Chain wear though...a chain should last longer on a recumbent if everything else is equal. The chain parts do encounter the gears less frequently, and stretching forces across the top of the chain line are applied over a longer stretch, or more links, at any given time.
    Tom

    "It hurts so good..."

  5. #30
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    I would like to add when i'm rushing for the lights or attempting to climb a steep hill. I pull very hard with the other leg on the up stroke! Not a clue what extra this accounts for but it is a great help being clipped in.

  6. #31
    Senior Member rydabent's Avatar
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    When my Park chain wear and my steel rule says to do so. YMMV

  7. #32
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    I know that I haven't replaced the chain for the third time on my second trike, a Greenspeed GTO with 27,000 miles on it. It is also on the original chainring but that's mostly because it is a 65 tooth Schlumpf chainring costing $135 to replace. I did replace the rear cassette and the Shimano 105 RD when I replaced the chain the first time. It pays to lubricate the chain frequently. Much cheaper than replacing the entire chain which takes over 2+1/2 standard 112 link chains. I doubt it would have lasted that long if I put excessive force on the chain.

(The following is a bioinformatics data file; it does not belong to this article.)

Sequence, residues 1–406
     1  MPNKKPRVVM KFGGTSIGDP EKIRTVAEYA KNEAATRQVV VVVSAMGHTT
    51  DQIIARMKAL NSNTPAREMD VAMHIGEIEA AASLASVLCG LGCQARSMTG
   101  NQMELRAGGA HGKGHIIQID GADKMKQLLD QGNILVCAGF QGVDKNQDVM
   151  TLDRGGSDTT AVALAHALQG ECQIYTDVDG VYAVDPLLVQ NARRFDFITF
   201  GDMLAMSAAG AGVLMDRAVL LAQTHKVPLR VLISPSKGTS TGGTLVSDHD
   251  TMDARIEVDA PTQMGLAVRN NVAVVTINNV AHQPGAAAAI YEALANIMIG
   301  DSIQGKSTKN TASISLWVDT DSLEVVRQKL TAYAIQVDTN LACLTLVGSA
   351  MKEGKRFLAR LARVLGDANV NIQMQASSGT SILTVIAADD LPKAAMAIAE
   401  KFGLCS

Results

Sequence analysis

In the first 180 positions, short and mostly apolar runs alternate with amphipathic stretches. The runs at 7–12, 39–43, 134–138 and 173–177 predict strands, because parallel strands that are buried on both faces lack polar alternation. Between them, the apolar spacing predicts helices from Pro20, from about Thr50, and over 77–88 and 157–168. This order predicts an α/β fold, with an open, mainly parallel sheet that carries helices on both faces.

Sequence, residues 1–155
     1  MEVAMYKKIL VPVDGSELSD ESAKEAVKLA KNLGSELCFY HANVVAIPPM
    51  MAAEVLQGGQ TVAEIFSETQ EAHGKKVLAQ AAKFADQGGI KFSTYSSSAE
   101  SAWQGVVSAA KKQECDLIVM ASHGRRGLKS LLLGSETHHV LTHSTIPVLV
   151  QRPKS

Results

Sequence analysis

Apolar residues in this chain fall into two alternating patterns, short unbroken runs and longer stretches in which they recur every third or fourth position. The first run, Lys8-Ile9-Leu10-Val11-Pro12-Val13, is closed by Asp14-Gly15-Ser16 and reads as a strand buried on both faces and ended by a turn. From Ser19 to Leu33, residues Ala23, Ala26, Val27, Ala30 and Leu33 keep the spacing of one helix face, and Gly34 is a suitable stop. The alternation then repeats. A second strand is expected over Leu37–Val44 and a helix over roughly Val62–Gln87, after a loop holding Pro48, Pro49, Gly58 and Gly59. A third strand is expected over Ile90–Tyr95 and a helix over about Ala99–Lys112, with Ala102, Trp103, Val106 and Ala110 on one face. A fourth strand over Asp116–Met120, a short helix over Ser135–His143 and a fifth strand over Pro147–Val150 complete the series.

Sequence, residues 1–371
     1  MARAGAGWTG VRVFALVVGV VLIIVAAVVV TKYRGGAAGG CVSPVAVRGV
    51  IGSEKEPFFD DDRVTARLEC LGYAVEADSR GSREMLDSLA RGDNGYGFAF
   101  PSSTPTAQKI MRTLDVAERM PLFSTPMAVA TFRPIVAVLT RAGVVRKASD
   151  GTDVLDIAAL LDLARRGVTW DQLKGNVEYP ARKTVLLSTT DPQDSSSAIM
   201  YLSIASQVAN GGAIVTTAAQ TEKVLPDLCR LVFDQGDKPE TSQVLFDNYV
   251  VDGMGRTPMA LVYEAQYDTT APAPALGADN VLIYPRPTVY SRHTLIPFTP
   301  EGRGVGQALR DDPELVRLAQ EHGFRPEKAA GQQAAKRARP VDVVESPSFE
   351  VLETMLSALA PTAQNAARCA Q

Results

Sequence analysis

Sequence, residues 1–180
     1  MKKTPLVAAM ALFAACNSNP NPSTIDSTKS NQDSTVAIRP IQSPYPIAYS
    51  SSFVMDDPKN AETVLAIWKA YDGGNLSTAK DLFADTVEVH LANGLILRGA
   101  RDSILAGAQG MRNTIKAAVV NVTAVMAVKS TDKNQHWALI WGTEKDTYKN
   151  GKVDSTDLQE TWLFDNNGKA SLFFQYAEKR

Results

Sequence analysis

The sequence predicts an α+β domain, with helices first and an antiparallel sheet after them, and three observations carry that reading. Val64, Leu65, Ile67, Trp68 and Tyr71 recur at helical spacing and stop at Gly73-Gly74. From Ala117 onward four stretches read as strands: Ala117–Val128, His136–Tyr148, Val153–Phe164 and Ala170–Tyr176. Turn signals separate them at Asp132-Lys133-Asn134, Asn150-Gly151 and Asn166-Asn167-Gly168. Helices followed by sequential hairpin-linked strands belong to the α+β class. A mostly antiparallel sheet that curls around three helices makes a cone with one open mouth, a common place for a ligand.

8. #33
    Senior Member BlazingPedals's Avatar
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    Uh-oh! Time to load the shotgun; the zombies are out!

  9. #34
    A might bewildered... Dudelsack's Avatar
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    Quote Originally Posted by BlazingPedals View Post
    Uh-oh! Time to load the shotgun; the zombies are out!
    Yeah, but I've wondered about this for a long time. My chain probably has 6500-7000 miles to it. I check it with the Park thingy and it seems to be fine. I'm not compulsive in my bike maintenance but I don't neglect it, either. It just takes a long time to properly clean and lube a bent chain.

  10. #35
    Senior Member overbyte's Avatar
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    Quote Originally Posted by squeaker View Post
    As others have said - 'Depends!' - suggest you by one of
    these or these and when (or just before) you hit 1% then fit a new one.
    Those products moved in the website. Here's the Park Tool Chain Wear Indicator, Park Item CC-3.2. Search for it at Park Tool Co. Park Tool Co., which explains it.

  11. #36
    Senior Member BlazingPedals's Avatar
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    Quote Originally Posted by LittleBigMan View Post
    I'm curious about this chain stretch thing. Theoretically, if the chain is longer, then the amount of wear on the pivots/pins will be multiplied by the greater number of links, creating more stretch for a longer chain for the same amount of actual wear in each link. Is this accurate? It's only a thought.

    Still, the amount of "stretch" to measure would still be the same as for a DF bike chain, shouldn't it?
    Well... as long as we're resurrecting the thread...

    Chain wear mostly occurs when a link pivots under load. So wear happens going onto the chainring and coming off the cassette gear, and possibly at the power idler, if one exists. Some wear happens at the other bends, but it's minimal. The chainring and cassette are the same for both styles of bike; but a recumbent chain being longer will only put a given link through the wear areas 1/3 as often. Even counting the power idler, a recumbent chain should still only wear half as fast as an upright chain.

  12. #37